A Twenty-First-Century Olympic and Amateur Sports Act

Dionne L. Koller • 20 Vand. J. Ent. & Tech. 1027

Abstract

Recent scandals involving national governing bodies for sport and allegations of athlete abuse have captured media attention. The most recent, focusing on the actions of USA Gymnastics, prompted Congress to propose legislation to require better protections for Olympic Movement athletes. Signed into law on February 14, 2018, the Protecting Young Victims from Sexual Abuse and Safe Sport Authorization Act of 2017 designates the United States Center for SafeSport (SafeSport) as the independent organization charged with exercising jurisdiction over the United States Olympic Committee (USOC) and sport national governing bodies to safeguard amateur athletes against all forms of abuse. Congress’s instincts in this regard are admirable, and the empowerment of SafeSport is critically important. However, this Article asserts that the issue targeted by the recently enacted legislation must be viewed in the context of the overall regulation of Olympic and amateur sport in the United States. In doing so, Congress should consider more comprehensive reform that goes beyond the issue of athlete abuse. Instead, Congress should further amend the Ted Stevens Olympic and Amateur Sports Act, the statute establishing the USOC and regulating the US Olympic program, to address the new realities of Olympic and amateur sport in the United States.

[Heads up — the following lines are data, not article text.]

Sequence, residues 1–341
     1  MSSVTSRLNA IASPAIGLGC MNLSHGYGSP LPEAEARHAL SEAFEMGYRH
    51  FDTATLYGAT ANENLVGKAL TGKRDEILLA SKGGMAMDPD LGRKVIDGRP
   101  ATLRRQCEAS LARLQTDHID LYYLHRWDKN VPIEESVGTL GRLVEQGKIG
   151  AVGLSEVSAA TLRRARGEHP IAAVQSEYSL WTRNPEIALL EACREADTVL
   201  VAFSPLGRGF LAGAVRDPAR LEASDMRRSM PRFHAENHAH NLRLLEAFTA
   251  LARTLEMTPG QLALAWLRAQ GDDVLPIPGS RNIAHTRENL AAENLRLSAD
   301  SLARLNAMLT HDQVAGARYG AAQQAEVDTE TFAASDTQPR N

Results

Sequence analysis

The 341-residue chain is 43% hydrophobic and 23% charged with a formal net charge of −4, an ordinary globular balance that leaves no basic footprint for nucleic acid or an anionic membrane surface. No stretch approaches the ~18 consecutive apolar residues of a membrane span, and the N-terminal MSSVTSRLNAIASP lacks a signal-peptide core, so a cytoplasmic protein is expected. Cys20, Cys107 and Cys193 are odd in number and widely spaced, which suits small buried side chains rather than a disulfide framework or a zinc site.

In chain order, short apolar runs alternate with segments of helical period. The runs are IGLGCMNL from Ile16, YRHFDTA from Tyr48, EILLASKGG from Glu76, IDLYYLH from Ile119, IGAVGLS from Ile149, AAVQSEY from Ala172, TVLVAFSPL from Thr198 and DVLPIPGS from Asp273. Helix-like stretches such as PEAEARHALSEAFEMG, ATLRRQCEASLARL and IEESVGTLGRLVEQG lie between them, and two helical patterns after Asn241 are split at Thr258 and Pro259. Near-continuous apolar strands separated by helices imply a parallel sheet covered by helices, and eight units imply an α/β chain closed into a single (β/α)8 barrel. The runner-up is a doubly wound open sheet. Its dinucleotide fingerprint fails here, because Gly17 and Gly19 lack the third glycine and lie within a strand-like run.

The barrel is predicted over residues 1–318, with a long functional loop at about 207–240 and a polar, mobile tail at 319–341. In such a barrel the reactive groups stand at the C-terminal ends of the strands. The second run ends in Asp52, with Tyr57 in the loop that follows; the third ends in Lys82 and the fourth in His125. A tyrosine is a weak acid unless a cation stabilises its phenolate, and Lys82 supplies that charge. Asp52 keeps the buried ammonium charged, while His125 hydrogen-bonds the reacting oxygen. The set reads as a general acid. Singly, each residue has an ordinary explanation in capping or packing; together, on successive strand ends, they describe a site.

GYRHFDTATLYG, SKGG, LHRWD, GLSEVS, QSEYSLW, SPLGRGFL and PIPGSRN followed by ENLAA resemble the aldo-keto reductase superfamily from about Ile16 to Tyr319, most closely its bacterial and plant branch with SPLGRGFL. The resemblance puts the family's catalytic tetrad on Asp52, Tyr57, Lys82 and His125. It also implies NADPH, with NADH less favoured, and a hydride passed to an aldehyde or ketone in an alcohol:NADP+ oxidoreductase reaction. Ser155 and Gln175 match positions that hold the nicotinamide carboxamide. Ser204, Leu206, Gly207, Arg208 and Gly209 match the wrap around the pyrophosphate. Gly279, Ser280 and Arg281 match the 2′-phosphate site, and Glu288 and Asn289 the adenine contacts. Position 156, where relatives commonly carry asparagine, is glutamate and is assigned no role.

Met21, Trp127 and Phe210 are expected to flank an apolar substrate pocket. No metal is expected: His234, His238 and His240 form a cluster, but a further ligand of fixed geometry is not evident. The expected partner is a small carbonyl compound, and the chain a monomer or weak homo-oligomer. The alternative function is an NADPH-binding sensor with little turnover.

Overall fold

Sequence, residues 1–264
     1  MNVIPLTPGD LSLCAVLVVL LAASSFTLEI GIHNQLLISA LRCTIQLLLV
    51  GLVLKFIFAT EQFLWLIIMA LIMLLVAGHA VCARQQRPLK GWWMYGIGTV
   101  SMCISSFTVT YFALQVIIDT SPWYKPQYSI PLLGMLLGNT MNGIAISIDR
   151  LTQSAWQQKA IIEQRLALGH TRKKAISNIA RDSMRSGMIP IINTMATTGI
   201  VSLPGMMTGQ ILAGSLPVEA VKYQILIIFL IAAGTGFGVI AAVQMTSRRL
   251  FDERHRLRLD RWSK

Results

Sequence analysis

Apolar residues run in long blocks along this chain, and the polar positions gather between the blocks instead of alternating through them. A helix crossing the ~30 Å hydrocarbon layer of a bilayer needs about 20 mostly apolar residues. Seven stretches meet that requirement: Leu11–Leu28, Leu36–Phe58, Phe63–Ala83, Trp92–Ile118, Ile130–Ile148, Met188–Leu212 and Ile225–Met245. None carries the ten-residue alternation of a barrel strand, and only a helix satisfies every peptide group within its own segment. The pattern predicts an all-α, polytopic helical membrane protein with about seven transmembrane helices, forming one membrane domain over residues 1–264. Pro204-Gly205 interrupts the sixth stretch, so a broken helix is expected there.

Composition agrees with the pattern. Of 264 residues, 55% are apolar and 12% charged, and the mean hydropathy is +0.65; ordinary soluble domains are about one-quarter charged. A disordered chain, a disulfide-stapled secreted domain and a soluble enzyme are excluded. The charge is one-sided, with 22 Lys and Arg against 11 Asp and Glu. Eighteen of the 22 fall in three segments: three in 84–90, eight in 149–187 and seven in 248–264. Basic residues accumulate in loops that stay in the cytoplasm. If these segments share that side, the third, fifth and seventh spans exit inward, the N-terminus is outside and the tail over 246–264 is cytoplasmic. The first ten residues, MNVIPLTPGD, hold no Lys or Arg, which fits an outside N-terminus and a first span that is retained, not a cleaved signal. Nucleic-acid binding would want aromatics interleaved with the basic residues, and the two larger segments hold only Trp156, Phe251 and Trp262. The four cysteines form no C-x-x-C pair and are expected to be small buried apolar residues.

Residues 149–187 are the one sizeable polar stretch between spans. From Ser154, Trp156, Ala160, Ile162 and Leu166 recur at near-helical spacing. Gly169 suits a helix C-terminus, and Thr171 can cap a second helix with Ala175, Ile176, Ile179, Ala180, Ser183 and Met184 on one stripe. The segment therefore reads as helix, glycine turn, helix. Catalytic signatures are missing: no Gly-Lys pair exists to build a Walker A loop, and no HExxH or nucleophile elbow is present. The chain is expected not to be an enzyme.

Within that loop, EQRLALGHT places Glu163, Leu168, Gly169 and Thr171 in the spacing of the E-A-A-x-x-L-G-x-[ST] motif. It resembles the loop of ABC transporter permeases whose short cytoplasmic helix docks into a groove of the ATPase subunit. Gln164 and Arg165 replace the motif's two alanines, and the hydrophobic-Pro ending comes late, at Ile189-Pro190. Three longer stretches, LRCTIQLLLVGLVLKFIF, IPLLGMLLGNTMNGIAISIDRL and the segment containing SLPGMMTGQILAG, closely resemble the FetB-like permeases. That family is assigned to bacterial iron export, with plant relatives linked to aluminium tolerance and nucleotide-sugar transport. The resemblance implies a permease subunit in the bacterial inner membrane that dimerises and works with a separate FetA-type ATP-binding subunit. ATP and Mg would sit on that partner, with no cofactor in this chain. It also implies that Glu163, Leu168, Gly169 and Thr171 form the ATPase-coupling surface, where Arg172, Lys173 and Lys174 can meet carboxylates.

Specifically, this Article asserts that the statute should be amended to require reforms in three areas: athlete health and well-being, whistleblowing, and gender equity in the US Olympic program. In addition, this Article argues that Congress should enact a true amateur sports act, with a primary feature being the creation of an entity charged with developing an agenda and reforms for youth and amateur (non-Olympic) sports.